Thanks brickeyee. Has everyone else gone AWOL?

    Bookmark   April 25, 2013 at 9:21PM
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maryinthefalls

While I'm a newbie at old houses, here's what we would try.
Put a piece of inside corner molding (or something nicer, perhaps a column of some type) for the transition between flat and the moonscape plaster. I'd also think seriously about leaving the brick exposed. I know it's not historically correct, but is really in now.

As for the corner cabinet...put it back. To repair the wall, try a flat knife blade to remove the excess caulk and paint. Patch any divots with spackle and repaint.

    Bookmark   April 27, 2013 at 11:16AM
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lazy_gardens

Hmmmmm ....

One easy solution would be to have a shallow corner "pillar" of molding and match the door jamb molding to it. A common interior detail was a "plate rail" height molding running around the room several inches below the ceiling, level with the top molding of the doors.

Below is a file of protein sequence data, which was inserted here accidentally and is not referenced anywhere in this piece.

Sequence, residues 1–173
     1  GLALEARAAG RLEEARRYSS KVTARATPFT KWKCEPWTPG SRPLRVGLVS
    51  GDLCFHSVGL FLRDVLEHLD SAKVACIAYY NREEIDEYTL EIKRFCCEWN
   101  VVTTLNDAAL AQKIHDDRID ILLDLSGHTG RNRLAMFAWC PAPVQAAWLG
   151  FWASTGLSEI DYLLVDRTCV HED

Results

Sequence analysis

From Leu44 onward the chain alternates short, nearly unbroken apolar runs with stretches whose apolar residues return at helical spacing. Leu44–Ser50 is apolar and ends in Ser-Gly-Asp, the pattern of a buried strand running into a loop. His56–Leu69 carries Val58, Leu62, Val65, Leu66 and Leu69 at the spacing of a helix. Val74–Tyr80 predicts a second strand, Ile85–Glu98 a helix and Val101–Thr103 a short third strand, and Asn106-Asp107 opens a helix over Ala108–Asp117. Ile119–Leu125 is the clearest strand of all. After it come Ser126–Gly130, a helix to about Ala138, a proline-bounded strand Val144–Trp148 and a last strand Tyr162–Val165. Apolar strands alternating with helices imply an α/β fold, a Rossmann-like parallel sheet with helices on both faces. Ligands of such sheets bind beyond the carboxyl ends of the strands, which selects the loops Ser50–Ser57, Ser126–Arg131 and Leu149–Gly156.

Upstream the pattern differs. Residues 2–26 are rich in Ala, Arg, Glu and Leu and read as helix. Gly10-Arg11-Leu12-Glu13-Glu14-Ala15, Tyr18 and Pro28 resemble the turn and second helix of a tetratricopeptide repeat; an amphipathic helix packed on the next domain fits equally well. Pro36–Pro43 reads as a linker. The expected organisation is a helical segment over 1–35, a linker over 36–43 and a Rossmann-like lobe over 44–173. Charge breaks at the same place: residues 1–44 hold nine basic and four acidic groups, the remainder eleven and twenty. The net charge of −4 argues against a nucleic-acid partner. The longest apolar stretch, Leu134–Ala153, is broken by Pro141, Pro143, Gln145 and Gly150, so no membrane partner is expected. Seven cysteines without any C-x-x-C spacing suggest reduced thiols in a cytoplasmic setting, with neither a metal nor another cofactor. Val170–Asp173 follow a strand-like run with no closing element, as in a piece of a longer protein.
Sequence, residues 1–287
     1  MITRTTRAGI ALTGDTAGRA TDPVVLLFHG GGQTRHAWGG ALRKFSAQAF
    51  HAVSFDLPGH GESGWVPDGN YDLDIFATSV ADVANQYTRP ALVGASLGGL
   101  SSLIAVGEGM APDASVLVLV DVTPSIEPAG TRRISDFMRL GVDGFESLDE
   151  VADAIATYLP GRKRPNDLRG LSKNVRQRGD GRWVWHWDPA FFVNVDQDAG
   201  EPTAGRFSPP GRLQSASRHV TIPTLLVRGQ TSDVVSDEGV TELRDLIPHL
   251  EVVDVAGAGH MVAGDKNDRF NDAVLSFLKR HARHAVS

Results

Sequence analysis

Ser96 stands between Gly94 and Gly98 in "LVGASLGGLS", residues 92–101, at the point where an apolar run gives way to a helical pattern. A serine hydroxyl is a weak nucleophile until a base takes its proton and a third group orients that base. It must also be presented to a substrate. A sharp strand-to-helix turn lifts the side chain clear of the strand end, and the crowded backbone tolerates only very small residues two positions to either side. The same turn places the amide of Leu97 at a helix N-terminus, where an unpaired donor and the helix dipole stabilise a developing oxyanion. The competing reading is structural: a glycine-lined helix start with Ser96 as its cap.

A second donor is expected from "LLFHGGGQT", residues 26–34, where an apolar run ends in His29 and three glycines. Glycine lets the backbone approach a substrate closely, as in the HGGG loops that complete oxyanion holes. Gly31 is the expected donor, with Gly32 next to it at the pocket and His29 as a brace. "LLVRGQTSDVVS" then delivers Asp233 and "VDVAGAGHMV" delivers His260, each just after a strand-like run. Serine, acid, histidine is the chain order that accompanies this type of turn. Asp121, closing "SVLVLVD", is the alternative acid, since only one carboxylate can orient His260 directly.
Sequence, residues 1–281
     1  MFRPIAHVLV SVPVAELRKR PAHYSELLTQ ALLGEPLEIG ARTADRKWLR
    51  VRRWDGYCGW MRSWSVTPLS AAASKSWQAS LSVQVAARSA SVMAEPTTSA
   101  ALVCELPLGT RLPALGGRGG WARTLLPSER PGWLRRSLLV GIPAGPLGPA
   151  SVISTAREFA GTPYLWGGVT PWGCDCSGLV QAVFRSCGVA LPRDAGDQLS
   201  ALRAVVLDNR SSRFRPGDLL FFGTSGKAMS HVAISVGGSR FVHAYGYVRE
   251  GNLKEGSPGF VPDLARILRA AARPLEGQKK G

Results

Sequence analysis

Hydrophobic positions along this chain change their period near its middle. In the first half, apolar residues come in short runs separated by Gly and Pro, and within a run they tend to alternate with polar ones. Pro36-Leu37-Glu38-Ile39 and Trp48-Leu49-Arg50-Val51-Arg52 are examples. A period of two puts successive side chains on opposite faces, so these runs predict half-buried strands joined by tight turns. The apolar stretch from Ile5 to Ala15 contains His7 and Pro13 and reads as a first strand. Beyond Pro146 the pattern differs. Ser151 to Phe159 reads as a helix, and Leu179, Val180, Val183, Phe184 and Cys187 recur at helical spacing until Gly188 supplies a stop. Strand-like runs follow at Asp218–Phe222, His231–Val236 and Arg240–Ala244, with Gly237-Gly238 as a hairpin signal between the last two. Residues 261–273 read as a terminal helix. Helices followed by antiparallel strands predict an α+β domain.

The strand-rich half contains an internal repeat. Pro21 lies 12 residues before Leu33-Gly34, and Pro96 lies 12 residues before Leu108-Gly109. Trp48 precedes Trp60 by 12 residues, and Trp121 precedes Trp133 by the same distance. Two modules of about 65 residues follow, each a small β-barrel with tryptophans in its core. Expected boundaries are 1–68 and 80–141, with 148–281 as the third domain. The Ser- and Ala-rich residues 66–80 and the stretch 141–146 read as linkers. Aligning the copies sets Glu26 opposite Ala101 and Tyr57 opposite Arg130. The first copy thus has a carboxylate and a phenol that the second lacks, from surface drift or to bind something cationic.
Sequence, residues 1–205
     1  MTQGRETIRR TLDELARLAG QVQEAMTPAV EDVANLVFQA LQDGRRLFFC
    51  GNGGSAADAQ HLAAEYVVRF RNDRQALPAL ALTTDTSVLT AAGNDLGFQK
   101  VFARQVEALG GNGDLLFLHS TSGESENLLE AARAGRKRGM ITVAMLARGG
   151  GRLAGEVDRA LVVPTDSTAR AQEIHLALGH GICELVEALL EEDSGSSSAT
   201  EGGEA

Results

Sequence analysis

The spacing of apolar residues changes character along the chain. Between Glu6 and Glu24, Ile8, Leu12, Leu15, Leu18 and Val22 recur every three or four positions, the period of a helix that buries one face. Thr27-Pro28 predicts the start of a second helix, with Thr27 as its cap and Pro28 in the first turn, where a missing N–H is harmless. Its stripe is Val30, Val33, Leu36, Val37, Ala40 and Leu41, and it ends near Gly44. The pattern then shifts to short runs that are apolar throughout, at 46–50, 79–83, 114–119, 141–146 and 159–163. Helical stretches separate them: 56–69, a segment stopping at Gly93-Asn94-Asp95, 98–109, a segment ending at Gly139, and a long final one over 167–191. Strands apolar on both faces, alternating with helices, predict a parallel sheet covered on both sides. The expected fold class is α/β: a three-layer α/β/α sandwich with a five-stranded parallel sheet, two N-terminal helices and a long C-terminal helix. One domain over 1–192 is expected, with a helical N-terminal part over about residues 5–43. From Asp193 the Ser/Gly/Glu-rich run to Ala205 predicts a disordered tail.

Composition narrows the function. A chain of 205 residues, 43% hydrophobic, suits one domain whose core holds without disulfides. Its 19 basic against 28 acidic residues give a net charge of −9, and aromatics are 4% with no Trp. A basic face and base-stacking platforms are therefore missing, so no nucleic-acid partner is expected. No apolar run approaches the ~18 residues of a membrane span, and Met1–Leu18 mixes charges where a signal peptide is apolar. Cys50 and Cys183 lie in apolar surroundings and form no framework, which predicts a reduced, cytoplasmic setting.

Use it as a gallery wall and no one will notice.

A more ambitious but still DIY project would be to build a shallow divider pillar and bookcase faux divider. Except flush with the wall, not really dividing anything.

Here is a link that might be useful: Bookcase and pillar divider wall

    Bookmark   April 27, 2013 at 11:52AM
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geokid

1. Corner molding. That was my first thought. Add it to the other side as well for symmetry.